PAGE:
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Which jack stand?

Discussion in '2nd Gen. Tacomas (2005-2015)' started by TacoTuesday1, Jan 20, 2023.

  1. Jan 20, 2023 at 3:28 PM
    #1
    TacoTuesday1

    TacoTuesday1 [OP] Well-Known Member

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    Which jack stands are ideal for this truck?

    I like Big Red from Torin, and had a pair
    but I think it was 3,000lb and never got a chance to use them. Sold em
    they were small, and probably for cars

    I used to have an Arcan big jack, and that thing felt maxed out before it even touched my frame...
    But I have a 60" Hi-Lift now, that can probably handle it.

    Which leaves the question, which stands?
    I checked Amazon to see what else Torin has in Big Red,
    after being recommended 6,000lb; and they do have some.
    Like these simpler design cheaper ones

    Is the best thing to get?
    Honestly, with my ride height (couple " lift, 33's) I don't think a typical car stand (3,000lb) would even reach high enough vs. something marketed towards truck/SUV

    Any fancy boutique "unique design" will have a ripoff price, vs. old school like below

    [​IMG]
     
  2. Jan 20, 2023 at 3:38 PM
    #2
    TnShooter

    TnShooter The TacomaWorld Stray

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    I have the 3ton.
    Wish I went with the 6 ton.
    Get the 6 ton.

    I gave my 6 ton set to my brother when he lifted his ram 6”.
    I got the 3 ton, just in case I ever needed to work with a car. (They sit lower).
    Miss my 6 ton. They felt much more sturdy and I had lots of room left for height adjustment.
     
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  3. Jan 20, 2023 at 3:44 PM
    #3
    Hook78

    Hook78 Well-Known Member

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    I have Power Torque 6-ton stands. These were excellent when I installed my 2-inch lift, still had plenty of room to go up.

    520BBD85-4AA9-4B5F-B6A4-205DDDEBDA92.jpg
     
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  4. Jan 20, 2023 at 3:49 PM
    #4
    rnish

    rnish Well-Known Member

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    6 Ton, taller and built heavier. 3 Ton too short.
     
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  5. Jan 20, 2023 at 3:51 PM
    #5
    nd4spdbh

    nd4spdbh Well-Known Member

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  6. Jan 20, 2023 at 3:56 PM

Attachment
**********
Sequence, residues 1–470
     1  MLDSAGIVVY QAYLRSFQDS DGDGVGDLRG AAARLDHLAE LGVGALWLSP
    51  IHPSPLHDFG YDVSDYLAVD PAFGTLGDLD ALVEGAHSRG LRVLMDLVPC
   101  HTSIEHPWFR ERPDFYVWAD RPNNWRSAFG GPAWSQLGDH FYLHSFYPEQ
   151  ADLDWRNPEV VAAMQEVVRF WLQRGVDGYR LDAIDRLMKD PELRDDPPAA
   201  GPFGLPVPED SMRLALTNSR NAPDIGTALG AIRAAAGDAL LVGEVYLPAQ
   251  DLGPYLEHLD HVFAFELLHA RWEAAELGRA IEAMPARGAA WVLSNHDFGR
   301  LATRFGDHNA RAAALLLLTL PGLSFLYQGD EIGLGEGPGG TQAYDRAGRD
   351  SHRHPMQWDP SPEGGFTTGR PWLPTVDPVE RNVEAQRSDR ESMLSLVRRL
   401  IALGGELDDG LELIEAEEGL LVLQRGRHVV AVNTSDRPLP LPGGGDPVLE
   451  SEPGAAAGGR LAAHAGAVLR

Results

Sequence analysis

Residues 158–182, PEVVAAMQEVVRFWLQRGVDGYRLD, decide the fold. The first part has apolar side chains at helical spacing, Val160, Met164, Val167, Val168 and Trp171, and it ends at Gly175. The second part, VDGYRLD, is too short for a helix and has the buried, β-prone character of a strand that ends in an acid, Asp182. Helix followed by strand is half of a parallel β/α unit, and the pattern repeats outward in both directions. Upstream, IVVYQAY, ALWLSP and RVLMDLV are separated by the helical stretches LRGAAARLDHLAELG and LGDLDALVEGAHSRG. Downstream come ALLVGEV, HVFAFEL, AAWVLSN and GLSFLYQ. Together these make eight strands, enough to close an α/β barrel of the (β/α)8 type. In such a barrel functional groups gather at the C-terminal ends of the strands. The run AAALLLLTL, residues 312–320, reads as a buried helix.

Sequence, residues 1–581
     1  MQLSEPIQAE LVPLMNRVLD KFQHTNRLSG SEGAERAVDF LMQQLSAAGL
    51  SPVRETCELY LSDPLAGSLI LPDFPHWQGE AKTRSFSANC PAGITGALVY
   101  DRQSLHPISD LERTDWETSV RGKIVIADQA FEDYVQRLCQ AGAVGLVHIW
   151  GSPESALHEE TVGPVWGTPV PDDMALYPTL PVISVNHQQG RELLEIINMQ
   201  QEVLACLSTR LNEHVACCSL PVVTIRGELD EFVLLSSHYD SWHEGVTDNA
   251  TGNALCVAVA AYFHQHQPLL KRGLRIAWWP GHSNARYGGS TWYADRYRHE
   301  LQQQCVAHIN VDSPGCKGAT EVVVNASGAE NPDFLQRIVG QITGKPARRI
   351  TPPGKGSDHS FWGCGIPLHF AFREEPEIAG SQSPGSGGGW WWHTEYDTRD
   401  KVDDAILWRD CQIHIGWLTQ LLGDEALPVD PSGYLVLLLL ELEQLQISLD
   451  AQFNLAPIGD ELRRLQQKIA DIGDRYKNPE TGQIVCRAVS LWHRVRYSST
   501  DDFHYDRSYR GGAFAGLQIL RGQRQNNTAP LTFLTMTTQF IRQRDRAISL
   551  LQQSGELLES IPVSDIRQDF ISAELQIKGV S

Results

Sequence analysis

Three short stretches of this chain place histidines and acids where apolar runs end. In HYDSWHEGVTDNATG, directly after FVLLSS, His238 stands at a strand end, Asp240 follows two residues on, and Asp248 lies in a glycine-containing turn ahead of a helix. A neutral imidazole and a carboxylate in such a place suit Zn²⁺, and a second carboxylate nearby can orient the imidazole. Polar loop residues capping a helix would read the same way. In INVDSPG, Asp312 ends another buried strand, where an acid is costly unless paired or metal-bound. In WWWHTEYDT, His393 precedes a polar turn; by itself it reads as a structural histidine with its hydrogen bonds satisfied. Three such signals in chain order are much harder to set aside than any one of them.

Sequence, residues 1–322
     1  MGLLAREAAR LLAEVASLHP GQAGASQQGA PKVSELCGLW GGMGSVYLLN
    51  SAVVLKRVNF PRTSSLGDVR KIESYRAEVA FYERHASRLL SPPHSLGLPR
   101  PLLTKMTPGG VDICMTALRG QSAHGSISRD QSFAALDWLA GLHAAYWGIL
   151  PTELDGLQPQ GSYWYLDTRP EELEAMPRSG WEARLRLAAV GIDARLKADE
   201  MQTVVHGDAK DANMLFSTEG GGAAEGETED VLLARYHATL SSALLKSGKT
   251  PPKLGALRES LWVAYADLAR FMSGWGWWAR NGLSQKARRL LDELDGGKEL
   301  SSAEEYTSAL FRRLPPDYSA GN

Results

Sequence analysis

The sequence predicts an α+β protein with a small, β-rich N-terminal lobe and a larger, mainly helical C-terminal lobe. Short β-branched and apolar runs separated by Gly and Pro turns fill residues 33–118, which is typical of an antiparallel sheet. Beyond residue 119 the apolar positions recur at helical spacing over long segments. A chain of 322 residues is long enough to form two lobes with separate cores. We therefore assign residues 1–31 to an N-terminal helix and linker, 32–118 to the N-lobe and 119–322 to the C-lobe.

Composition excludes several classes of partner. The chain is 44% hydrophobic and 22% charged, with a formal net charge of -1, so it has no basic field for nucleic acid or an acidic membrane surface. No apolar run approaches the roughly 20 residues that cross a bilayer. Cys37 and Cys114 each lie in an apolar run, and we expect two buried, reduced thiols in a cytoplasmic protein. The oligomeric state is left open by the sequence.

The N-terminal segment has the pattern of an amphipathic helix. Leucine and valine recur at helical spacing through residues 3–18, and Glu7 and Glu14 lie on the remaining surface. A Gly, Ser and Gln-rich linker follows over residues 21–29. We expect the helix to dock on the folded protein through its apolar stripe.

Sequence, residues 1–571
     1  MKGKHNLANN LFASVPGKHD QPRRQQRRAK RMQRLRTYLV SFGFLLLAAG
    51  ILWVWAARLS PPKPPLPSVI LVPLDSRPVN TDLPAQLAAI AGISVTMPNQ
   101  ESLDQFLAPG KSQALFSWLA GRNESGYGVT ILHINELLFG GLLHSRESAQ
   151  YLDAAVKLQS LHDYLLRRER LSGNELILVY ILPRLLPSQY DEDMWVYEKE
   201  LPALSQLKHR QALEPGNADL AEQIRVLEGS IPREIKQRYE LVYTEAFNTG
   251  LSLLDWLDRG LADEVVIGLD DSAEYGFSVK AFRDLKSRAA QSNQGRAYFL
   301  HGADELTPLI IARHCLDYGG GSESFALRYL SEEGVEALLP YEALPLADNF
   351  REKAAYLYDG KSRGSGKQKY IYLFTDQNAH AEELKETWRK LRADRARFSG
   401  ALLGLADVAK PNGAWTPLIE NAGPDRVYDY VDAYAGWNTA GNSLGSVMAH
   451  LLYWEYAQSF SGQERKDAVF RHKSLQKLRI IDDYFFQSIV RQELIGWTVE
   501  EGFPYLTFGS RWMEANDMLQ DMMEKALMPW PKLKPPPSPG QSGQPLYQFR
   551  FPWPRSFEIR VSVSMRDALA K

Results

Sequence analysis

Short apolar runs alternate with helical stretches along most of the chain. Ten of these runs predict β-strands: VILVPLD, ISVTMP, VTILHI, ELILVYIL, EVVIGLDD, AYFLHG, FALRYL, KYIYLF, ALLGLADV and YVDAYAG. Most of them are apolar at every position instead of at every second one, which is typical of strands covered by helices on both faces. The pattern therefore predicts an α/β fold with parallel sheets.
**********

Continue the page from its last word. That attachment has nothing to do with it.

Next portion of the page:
#6
    GilbertOz

    GilbertOz Driver

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    Def. 6 ton (for the taller reach) if you have a TRD OR or any kind of lift or big tires going on

    My preference is for "US Jack™". If it's good enough for the US Dept. of Defense, it's good enough for me. Made in the USA. No, really. MADE in the USA, with US-sourced steel.

    I think I read somewhere that they proof-test every single jack stand (and their hyd. jacks also) to 1.5x rated capacity.

    https://www.amazon.com/US-JACK-D-41610-Garage-Stands/dp/B00P248NYO/
     
    Last edited: Jan 20, 2023
    Torspd likes this.
  7. Jan 20, 2023 at 4:03 PM
    #7
    Rock Lobster

    Rock Lobster Thread Derailer

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    6 ton, double locking. They're all pretty much the same, brand doesn't matter. I just picked up a pair for under 60 bucks.

    Even my 3 tons are double locked. Thats a vital feature to me. That and visually inspecting the pawls on the saddle riser and making sure that none of them have a casting flaw. Casting flaws/rounded pawls and teeth happen across all brands; it's important to inspect your gear before it goes into service. Every time.
     
    nd4spdbh likes this.
  8. Jan 20, 2023 at 4:04 PM
    #8
    gtrotter07

    gtrotter07 Well-Known Member

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    I've got a 6 ton set...more for the extra reach. They give you extra stability too, which is nice when you're under there really working on something.
     
  9. Jan 20, 2023 at 4:04 PM
    #9
    TnShooter

    TnShooter The TacomaWorld Stray

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    Mine are too.
    Turin is the brand.
    They have slide in locks.
     
  10. Jan 20, 2023 at 4:23 PM
    #10
    MGMDesertTaco

    MGMDesertTaco Come on, live a little...

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    I use the Torin 6 ton jack stands with the locking pin. I think I got them from Amazon many years ago. Also use an Arcan XL325R jack from Costco and a Daytona 3 ton jack from harbor freight. (The $290 one)
     
  11. Jan 20, 2023 at 4:24 PM
    #11
    Williston

    Williston Well-Known Member

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    The North Woods / New England / FL 600
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    Super White Stock (99.999%) OEM Bed Floor Mat, Cargo Net, Auto-Dim mirror w/Compass and outside Temperature display, TRD Pro Grille, Uni-Filter air pump modification, WeatherTech floor liners f/r.
    ^^^^^^^ This ^^^^^^^^^^^^^^^^
     
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  12. Jan 20, 2023 at 4:26 PM
    #12
    dangeroso

    dangeroso Just float along and fill your lungs

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    I use a set of 3 ton for the rear and 6 ton for the front. Pin lock Daytona brand.
     
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  13. Jan 20, 2023 at 4:35 PM
    #13
    $yoda$

    $yoda$ Well-Known Member